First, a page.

Rabbi Yosef Elyashiv: Hardline interpreter of Jewish law


Click to follow
The Independent Online

Rabbi Yosef Shalom Elyashiv, the highly influential leader of the Lithuanian sect of ultra-Orthodox Ashkenazi Jews, was known for his unyielding hardline rulings on complicated elements of Jewish law. As an eminent Posek, a decider of Jewish law, a title earned not by appointment but by scholarship, reputation and communal trust built up over decades, Elyashiv applied the Torah and Talmudic law to modern times, ruling on conversion, marriage, divorce and even the legitimacy of wigs made in India.

In the 1980s and 90s, Elyashiv clashed with the Israeli government when it arranged the conversions of thousands of immigrants from the former Soviet Union, arguing that a true conversion required a sincere pledge to observe the laws of Torah. Although he opposed Israel's 2005 unilateral withdrawal from the Gaza Strip, he instructed the political representative of the Degel HaTorah Party, with which he was affiliated, to support the then Prime Minister, Ariel Sharon, in pulling out the remaining settlers, many of whom were Orthodox.

Born in Lithuania in April 1910, Yosef Elyashiv was the son of Rabbi Avraham and Haya Mussa. He was, however, heavily influenced by his mother's father, the Kabalist Rabbi Shlomo Elyashiv, whose name the family adopted. When he was 12, the family emigrated to Palestine, then under the British Mandate, and settled in the Mea Shearim district of Jerusalem. Educated at Ohel Sara religious school, Elyashiv excelled and impressed the rabbinical elite with his concentration and logical analysis.

In 1950, Elyashiv became a judge in the state-established High Rabbinic Court, part of an official religious system that existed alongside Israel's secular courts. However, in 1974 this came to an abrupt end with his resignation, following a well-publicised case in which two children born in a second marriage were deemed able to marry ordinary Jews; Elyashiv vehemently disagreed with the ruling.

Elyashiv concentrated on the religious texts for between 16 and 20 hours a day, scarcely seeing his family. One of his daughters recalled, "When we were children, he didn't know us at all, he didn't speak to us, he would think of his studies the whole time."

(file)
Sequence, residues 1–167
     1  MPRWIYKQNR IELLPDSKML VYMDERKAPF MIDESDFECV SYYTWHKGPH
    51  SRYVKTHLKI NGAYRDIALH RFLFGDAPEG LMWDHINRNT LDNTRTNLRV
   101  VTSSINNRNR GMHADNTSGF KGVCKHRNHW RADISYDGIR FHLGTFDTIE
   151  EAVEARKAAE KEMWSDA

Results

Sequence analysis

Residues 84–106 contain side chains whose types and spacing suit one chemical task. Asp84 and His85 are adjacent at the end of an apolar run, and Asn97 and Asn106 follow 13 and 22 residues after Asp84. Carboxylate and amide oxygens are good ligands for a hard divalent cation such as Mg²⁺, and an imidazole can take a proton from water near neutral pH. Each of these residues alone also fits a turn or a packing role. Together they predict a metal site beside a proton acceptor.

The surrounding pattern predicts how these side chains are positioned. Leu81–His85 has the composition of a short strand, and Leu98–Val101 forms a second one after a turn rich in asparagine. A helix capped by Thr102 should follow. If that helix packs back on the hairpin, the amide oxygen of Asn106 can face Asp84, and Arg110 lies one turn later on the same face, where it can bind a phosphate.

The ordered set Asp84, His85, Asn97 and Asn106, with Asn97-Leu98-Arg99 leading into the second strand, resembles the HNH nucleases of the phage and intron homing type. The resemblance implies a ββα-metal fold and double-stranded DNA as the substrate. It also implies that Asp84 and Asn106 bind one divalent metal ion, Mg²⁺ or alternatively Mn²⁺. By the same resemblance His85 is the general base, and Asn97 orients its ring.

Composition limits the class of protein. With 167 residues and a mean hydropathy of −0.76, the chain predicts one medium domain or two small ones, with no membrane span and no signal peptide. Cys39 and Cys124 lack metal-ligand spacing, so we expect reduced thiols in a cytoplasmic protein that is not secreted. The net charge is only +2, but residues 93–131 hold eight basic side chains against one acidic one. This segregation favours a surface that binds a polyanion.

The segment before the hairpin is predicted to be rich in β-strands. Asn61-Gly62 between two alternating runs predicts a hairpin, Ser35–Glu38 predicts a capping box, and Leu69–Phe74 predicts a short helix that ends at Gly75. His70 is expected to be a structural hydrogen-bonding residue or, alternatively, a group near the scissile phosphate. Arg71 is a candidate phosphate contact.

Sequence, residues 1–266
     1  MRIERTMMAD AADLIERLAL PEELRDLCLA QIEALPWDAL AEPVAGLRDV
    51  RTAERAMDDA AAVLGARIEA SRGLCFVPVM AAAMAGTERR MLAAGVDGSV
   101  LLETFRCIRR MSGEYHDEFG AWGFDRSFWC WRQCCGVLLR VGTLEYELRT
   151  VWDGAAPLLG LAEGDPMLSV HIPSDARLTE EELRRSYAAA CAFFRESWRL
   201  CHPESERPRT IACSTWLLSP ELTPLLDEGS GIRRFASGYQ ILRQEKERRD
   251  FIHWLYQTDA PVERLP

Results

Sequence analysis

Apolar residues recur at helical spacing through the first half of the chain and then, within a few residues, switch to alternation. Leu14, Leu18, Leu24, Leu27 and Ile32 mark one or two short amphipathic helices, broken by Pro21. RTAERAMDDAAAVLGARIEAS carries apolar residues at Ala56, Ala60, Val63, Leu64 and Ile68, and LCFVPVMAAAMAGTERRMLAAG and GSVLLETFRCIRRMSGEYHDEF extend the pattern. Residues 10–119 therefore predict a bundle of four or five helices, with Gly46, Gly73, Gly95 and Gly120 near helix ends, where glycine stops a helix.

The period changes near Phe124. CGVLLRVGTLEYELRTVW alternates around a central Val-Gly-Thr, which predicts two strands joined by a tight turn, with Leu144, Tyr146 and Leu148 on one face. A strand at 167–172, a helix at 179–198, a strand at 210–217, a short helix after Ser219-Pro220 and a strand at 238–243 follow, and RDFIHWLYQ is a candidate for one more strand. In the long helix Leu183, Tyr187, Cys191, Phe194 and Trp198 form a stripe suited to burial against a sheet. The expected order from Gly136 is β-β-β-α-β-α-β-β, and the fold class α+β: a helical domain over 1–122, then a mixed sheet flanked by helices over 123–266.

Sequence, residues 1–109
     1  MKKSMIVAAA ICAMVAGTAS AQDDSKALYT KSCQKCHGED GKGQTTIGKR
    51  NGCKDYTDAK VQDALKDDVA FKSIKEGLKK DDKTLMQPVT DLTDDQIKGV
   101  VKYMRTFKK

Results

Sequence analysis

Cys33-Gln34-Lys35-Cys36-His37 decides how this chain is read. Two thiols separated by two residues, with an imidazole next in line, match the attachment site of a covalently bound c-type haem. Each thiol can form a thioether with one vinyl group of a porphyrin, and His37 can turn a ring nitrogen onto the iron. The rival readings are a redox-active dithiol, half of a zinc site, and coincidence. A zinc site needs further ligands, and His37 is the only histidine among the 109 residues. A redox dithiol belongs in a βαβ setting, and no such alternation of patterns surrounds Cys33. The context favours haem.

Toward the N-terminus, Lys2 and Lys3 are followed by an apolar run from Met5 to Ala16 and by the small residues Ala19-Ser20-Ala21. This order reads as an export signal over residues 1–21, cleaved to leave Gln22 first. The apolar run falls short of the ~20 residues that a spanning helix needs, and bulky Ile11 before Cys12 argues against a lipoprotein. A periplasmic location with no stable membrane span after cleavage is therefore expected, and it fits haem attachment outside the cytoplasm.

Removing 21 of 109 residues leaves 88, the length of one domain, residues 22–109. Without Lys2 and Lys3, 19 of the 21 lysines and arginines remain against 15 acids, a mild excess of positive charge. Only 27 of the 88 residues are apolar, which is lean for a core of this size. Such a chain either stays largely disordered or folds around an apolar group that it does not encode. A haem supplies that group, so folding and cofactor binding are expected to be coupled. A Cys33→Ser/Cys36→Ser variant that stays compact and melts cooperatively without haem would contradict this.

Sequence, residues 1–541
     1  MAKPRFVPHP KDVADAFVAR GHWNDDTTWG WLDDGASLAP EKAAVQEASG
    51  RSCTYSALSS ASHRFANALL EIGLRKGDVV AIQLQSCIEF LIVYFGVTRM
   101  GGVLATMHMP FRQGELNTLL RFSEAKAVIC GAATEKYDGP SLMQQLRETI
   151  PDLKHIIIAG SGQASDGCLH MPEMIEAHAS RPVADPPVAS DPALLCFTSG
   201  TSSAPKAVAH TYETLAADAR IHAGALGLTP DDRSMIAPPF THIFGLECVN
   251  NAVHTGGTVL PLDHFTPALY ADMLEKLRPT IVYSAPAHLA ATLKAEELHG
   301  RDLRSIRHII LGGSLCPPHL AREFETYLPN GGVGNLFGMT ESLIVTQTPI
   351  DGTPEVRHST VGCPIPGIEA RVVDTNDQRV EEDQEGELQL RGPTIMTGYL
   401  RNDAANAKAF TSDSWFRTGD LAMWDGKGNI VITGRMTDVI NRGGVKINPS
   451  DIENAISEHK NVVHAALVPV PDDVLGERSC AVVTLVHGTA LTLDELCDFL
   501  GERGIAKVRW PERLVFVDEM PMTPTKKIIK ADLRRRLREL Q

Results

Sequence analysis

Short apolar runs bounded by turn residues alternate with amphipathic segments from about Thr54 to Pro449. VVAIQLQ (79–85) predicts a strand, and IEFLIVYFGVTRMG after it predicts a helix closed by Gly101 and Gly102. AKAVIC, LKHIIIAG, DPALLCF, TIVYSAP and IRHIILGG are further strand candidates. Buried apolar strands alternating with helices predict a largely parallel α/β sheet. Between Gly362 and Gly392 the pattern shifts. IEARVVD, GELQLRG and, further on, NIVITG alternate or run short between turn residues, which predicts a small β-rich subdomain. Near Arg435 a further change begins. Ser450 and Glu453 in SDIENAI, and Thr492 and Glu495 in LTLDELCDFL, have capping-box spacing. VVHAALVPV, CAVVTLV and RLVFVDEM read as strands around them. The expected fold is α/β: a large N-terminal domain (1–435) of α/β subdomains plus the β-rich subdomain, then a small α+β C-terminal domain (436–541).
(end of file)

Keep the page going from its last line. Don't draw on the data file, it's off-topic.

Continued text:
In the 1990s, Elyashiv served as the spiritual leader of a small ultra-Orthodox party, Degel HaTorah, in the Israeli parliament, which later became the influential United Torah Judaism party, a grouping of religious parties that held the balance of power in many coalition governments and thus ensured concessions, such as keeping secular studies out of ultra-orthodox schools. In 2001, he became head of the Council of Torah Sages, the top policy-making body for ultra-Orthodox Ashkenazi Jews.

Crediting his longevity to never becoming angry, the stern, slender Elyashiv rejected worldly possessions and, beginning in the mid-90s, received thousands of visitors into his small, humble apartment. All sought advice, blessings and rulings on aspects of Jewish law and religious issues.

In rabbinical law, Elyashiv was strict, accepting only the narrowest of interpretations. For example, he refused to recognise the scientific phenomenon of brain death, making it impossible for his followers to donate organs; he banned human hair wigs from India (which Jewish Orthodox women wear, out of modesty, to cover their own hair) because the hair had been cut off in Hindu ceremonies. After his ruling, women in Jerusalem and elsewhere, notably in Brooklyn, burned thousands of wigs, replacing them with synthetic products.

Other rulings sought to resist modernity; he opposed academic degrees for women from the Bais Yaakov seminaries, the introduction of secular studies into religious schools, and opposed the state's attempts to enlist his followers to the Israeli military, as this would bring them closer to the secular lifestyle. He was a supporter of the Lithuanian ultra-Orthodox social system in which most adult males were encouraged to devote their life to religious studies rather than seek employment.

However, the ultra-Orthodox rank and file voted with their feet when Elyashiv prohibited the use of the internet and non-kosher mobile phones.

Martin Childs

Rabbi Yosef Shalom Elyashiv, religious leader: born Lithuania 10 April 1910; married Sheina Chaya Levin (died 1994; 12 children); died Jerusalem 18 July 2012.